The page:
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A Digital Innovation Hub for Climate-Friendly Low-Carbon Rice

A digital innovation hub for low-carbon rice could incentivize smallholder farmers to adopt climate-smart agriculture practices.

Climate change, with rising temperatures, shifting rainfall patterns, and increased pest and disease pressures, has cast a shadow over rice production in Asia.

Given that 50% of the global population relies on rice for 80% of their dietary needs, this is a matter of global significance. Moreover, disruptions like the COVID-19 pandemic and geopolitical conflicts have sent food prices skyrocketing and pushed millions into hunger and poverty.

Researchers, agronomists, technologists, and policymakers are striving to find solutions, but so far only achieved small-scale pilots in different countries. To make big bets and think large scale, we need a digital innovation hub for low-carbon rice. This could be a pivotal force in promoting digital solutions to incentivize smallholder farmers to adopt climate-smart agriculture practices.

Rice field in Borobudu, Indonesia (Photo Credit Lesly Goh)
Rice field in Borobudu, Indonesia. (Photo credit Lesly Goh)

How Important is Rice?

Rice is a vital food crop, feeding over 3.5 billion people globally, predominantly in Asia.

However, it also poses a significant environmental challenge, contributing to greenhouse gas (GHG) emissions.

The majority of rice production occurs in Asia, led by countries like China, India, Vietnam, and Bangladesh. This crop is a lifeline for around 150 million smallholder farmers, many of whom live in poverty and cultivate rice on less than 1 hectare of land.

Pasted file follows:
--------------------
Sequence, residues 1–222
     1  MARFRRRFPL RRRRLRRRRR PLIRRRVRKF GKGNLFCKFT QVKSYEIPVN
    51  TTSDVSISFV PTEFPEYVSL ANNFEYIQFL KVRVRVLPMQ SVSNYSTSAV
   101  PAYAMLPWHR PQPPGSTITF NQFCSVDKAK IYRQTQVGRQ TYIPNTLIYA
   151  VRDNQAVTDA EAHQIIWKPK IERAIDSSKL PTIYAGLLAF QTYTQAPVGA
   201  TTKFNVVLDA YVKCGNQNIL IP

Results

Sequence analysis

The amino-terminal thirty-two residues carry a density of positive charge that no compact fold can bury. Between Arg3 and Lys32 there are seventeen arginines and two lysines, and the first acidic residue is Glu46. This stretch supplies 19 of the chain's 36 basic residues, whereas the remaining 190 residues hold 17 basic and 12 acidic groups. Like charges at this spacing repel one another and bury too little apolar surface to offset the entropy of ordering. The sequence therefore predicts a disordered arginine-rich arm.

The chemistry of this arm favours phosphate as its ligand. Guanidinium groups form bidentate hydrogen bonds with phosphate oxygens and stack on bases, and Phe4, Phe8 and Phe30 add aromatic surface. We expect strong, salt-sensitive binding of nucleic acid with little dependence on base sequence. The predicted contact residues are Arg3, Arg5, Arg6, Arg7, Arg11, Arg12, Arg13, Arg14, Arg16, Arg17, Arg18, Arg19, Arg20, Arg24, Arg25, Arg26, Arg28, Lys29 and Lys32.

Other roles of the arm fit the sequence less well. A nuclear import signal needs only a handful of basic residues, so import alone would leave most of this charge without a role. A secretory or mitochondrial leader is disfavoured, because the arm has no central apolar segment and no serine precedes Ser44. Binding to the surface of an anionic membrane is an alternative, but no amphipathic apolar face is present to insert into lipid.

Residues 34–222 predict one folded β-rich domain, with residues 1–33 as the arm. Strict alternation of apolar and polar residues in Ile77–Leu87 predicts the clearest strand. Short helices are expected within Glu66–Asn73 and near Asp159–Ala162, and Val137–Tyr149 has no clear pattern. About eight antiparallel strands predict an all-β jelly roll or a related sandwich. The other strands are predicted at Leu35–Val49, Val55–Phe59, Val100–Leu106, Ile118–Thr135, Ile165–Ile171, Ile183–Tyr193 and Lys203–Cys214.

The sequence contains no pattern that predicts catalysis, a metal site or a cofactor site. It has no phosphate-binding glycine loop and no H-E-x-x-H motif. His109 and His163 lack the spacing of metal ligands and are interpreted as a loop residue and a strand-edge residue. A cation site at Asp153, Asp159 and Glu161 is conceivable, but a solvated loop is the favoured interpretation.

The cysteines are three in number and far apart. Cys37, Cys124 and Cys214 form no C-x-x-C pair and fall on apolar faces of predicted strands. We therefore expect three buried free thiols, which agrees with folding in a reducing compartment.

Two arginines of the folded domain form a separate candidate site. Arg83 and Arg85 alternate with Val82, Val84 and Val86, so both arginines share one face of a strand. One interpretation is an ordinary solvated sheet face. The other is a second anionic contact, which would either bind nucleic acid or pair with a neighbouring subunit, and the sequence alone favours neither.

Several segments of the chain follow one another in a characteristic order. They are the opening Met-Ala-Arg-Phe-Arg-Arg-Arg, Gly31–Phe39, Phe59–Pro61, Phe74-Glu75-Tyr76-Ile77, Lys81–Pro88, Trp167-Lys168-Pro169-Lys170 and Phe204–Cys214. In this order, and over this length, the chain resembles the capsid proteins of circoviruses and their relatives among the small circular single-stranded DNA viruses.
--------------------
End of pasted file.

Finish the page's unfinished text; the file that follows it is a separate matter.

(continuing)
Traditional rice cultivation practices, including flooded paddy fields and open burning of rice straw, are responsible for substantial GHG emissions.

In countries like Vietnam, rice cultivation accounts for a significant portion of overall emissions, with approximately half of agriculture emissions and 75 percent of methane emissions stemming from rice farming.

Methane and nitrous oxide, produced during these processes, are potent greenhouse gases, with global warming potentials 28 and 250 times greater than carbon dioxide (CO2), respectively.

Addressing rice cultivation’s environmental impact is crucial for both food security and climate mitigation.

Critical Components to Create a Digital Hub

With rice demand projected to increase by over 25 percent by 2035, we desperately need sustainable rice production. A digital innovation hub could offer solutions at scale by integrating key stakeholders to provide tools, data, and resources for sustainable rice farming. It also could link to systems that generate and sell carbon credits, incentivizing low-carbon practices, and significantly changing farmer planting methods.

Three critical components are needed to create a digital hub: